## Book: RD Sharma - Mathematics (Volume 1)

### Chapter: 9. Continuity

#### Subject: Maths - Class 12th

##### Q. No. 3 of Exercise 9.2

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##### Find the points of discontinuity, if any, of the following functions :

Basic Idea:

A real function f is said to be continuous at x = c, where c is any point in the domain of f if :

where h is a very small ‘+ve’ no.

i.e. left hand limit as x c (LHL) = right hand limit as x c (RHL) = value of function at x = c.

This is very precise, using our fundamental idea of limit from class 11 we can summarise it as, A function is continuous at x = c if :

NOTE: Idea of modulus function |x| : You can think this function as a machine in which you can give it any real no. as an input and it returns its absolute value i.e. if positive is entered it returns the same no and if negative is entered it returns the corresponding positive no.

Eg:– |2| = 2 ; |–2| = –(–2) = 2

Similarly, we can define it for variable x, if x ≥ 0 |x| = x

If x < 0 |x| = (–x)

Here we have,

Applying the idea of mod function, f(x) can be rewritten as:

……equation 1

Function is defined for all real numbers so we need to comment about its continuity for all numbers in its domain (domain = set of numbers for which f is defined )

Let c is any random number such that c < 1 [thus c being a random number, it can include all numbers less than 1]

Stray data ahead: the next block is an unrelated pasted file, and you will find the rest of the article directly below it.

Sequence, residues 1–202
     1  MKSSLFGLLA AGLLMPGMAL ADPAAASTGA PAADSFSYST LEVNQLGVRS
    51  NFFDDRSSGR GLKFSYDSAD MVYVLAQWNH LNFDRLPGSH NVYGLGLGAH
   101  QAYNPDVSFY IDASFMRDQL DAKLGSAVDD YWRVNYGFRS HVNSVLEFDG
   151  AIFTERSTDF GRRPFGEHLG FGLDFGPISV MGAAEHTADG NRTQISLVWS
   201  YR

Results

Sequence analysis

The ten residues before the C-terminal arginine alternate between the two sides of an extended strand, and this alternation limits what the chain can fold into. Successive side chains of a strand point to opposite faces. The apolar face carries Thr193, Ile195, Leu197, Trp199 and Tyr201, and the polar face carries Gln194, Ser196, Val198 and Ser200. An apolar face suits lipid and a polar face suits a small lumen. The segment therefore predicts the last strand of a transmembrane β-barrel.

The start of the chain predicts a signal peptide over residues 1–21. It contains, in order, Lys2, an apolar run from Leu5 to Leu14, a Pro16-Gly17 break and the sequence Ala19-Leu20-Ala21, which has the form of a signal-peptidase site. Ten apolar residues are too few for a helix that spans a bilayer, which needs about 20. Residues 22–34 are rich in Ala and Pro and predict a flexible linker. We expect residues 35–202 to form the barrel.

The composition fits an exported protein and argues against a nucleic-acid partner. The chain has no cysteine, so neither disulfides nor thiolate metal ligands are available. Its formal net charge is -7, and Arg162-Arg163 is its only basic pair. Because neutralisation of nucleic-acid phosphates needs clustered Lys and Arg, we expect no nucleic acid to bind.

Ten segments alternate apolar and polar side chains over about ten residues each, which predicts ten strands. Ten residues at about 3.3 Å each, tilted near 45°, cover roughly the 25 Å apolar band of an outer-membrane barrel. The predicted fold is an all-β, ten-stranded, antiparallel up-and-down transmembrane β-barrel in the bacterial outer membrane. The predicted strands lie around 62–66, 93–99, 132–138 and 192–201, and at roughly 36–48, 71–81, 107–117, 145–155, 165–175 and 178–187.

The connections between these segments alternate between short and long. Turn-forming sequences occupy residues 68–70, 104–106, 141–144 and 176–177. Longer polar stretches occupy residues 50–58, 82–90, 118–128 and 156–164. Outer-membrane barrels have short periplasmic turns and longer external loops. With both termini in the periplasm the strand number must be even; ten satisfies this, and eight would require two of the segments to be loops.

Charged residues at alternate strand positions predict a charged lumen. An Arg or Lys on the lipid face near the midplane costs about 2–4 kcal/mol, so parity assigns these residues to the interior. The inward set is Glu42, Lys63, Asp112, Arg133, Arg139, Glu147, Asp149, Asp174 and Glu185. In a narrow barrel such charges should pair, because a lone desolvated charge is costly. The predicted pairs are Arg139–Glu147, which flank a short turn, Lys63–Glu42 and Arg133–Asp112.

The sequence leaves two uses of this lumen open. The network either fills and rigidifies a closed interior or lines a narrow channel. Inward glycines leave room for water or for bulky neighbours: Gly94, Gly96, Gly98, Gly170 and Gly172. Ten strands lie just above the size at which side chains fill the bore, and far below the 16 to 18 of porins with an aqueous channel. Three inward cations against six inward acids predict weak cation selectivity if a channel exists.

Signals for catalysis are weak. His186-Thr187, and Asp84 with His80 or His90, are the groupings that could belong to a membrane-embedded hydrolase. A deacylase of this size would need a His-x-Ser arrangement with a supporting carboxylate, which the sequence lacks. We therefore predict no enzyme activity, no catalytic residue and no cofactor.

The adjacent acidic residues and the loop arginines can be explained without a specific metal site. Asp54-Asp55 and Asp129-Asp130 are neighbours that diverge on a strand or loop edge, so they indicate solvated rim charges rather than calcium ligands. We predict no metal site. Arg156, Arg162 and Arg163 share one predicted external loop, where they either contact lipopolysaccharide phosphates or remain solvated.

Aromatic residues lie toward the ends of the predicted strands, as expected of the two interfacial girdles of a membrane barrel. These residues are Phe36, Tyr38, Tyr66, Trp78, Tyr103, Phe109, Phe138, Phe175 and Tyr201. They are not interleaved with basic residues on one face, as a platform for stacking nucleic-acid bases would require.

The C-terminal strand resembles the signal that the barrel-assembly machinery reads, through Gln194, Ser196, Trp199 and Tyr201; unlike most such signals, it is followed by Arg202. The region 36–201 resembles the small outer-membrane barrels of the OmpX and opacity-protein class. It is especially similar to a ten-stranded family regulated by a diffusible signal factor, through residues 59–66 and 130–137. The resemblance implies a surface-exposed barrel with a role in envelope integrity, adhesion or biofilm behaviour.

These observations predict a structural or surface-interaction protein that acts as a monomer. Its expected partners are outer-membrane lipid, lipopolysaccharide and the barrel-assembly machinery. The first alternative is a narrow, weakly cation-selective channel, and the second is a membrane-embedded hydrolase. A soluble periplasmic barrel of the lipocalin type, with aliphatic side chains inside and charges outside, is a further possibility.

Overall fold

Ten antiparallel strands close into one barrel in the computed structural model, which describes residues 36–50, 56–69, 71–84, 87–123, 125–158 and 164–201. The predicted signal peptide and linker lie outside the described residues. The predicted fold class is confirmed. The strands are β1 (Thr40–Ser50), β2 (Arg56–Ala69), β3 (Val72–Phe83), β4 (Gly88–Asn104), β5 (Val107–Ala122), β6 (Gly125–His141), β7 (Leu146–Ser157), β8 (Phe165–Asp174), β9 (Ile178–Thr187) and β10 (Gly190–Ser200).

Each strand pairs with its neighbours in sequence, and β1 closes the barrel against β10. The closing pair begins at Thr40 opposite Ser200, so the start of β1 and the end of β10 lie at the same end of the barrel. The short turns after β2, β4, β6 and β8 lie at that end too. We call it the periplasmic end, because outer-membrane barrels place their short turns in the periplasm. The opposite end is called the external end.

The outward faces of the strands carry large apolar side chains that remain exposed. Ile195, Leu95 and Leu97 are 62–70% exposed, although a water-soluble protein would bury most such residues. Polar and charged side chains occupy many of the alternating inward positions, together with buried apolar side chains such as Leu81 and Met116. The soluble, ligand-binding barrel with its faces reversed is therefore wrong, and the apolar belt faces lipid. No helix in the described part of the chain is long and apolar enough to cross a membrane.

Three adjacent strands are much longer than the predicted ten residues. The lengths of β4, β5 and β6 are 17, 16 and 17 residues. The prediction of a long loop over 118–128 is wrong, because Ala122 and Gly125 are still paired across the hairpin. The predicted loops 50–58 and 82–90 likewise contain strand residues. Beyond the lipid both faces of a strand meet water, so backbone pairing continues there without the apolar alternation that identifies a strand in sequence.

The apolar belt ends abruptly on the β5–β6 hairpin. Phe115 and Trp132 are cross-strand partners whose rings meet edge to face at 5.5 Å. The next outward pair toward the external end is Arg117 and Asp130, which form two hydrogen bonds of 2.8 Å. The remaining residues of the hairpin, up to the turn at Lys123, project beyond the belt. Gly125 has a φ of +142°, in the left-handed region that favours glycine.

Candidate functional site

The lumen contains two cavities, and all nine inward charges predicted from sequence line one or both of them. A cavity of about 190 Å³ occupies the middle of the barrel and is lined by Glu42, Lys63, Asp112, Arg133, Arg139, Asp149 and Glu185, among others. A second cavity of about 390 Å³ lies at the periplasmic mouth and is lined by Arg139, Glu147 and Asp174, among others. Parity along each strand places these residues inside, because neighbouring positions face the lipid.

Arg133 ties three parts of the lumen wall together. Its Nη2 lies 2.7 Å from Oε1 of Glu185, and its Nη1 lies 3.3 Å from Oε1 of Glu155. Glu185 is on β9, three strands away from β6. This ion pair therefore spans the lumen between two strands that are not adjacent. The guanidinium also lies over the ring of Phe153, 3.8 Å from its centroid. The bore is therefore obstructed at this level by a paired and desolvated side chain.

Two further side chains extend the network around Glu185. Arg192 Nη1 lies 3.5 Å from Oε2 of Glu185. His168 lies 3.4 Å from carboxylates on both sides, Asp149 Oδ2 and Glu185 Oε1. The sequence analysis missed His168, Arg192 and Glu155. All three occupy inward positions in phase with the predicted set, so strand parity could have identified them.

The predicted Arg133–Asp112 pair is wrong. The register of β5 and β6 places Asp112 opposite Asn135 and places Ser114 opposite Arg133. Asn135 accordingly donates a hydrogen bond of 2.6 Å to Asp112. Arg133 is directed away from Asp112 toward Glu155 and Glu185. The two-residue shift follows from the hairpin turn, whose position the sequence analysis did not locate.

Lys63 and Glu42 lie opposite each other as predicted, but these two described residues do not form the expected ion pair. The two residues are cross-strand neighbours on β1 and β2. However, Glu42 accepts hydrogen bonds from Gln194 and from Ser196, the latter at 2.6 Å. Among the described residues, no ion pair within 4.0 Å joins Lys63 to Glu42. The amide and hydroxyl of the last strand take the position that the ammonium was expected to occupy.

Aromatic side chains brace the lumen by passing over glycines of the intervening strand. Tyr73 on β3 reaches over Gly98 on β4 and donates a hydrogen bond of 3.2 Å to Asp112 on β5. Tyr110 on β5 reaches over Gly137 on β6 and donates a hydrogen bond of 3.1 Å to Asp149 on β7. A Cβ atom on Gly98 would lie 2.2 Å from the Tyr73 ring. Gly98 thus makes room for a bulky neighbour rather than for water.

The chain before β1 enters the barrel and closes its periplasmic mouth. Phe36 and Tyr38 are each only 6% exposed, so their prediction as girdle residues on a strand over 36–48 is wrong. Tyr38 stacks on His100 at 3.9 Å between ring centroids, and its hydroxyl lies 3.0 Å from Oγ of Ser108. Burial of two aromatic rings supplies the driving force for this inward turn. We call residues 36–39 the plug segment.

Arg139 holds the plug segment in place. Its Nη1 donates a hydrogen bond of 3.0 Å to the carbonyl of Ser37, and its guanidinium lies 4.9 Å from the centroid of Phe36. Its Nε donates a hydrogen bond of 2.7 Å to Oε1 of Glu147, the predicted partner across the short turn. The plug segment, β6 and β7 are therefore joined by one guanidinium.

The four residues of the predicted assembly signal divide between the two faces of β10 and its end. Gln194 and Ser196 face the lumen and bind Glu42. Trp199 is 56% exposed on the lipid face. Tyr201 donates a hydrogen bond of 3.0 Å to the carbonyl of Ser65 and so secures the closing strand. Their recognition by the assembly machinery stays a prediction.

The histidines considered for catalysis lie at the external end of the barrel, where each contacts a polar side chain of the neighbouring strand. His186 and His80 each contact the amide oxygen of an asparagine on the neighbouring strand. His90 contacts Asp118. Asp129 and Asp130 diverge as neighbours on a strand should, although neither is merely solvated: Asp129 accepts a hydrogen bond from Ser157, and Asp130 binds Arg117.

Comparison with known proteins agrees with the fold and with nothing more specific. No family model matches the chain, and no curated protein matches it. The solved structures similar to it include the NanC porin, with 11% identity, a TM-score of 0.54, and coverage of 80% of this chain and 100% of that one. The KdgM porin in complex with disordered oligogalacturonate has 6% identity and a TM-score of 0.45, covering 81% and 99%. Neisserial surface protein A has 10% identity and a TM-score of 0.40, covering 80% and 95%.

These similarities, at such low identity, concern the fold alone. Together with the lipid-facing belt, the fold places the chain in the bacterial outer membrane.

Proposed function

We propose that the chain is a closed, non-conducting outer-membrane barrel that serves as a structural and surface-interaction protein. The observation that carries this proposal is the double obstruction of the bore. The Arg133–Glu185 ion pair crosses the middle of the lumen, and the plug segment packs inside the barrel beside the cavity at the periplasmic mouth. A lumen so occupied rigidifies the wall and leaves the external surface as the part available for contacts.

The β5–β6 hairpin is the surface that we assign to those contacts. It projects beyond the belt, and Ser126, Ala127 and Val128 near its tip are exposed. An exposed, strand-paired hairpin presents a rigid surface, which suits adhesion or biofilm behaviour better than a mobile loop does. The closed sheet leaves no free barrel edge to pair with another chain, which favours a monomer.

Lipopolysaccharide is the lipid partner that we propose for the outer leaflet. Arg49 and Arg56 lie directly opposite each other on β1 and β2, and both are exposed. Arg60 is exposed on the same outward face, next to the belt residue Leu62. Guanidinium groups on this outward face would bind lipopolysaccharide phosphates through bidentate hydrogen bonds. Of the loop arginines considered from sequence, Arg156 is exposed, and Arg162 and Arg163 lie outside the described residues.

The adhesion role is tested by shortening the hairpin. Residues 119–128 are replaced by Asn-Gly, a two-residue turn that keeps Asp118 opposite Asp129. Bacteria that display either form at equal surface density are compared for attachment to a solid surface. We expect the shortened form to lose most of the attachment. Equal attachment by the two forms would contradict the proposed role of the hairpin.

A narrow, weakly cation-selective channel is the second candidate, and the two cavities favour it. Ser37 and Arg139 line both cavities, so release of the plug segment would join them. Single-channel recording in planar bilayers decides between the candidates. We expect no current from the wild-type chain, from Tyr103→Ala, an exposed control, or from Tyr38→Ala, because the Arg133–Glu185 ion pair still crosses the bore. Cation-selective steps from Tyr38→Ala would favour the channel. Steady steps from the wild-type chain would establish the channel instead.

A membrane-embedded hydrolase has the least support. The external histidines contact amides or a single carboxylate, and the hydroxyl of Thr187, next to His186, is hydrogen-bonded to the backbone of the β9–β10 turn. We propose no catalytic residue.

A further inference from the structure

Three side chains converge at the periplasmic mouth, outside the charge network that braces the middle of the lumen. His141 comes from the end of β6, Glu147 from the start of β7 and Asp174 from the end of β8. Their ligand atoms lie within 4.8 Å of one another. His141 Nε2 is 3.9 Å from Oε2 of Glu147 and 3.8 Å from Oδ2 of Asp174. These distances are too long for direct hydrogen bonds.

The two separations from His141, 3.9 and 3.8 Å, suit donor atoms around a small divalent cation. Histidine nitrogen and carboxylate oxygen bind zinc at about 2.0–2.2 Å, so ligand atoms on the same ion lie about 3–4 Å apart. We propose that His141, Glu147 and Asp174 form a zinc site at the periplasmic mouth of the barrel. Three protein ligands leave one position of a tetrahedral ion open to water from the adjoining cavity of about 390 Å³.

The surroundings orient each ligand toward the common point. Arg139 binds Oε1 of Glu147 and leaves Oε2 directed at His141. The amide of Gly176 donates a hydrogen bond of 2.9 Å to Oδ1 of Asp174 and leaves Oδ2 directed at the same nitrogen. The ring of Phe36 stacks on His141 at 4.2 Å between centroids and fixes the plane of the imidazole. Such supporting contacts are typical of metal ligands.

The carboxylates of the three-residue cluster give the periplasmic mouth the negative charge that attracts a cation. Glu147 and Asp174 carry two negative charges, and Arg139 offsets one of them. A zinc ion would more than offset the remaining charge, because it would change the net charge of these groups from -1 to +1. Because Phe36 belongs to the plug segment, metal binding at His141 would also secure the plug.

f(c) = [ using eqn 1]

Clearly,

We can say that f(x) is continuous for all x < 1

As x = 1 is a point at which function is changing its nature, so we need to check the continuity here.

f(1) = | 1 – 3 | = 2 [using eqn 1]

LHL =

RHL =

Thus LHL = RHL = f(1)

f(x) is continuous at x = 1

Now, again f(x) is changing its nature at x = 3, so we need to check continuity at x = 3

f(3) = 3– 3 = 0 [using eqn 1]

LHL =

RHL =

Thus LHL = RHL = f(3)

f(x) is continuous at x = 3

For x > 3 ; f(x) = x–3 whose plot is linear, so it is continuous for all x > 3

You can verify it by checking limits.

Similarly, for 1 < x < 3, f(x) = 3–x whose plot is again a straight line and thus continuous for all point in this range.

Hence, f(x) is continuous for all real x.

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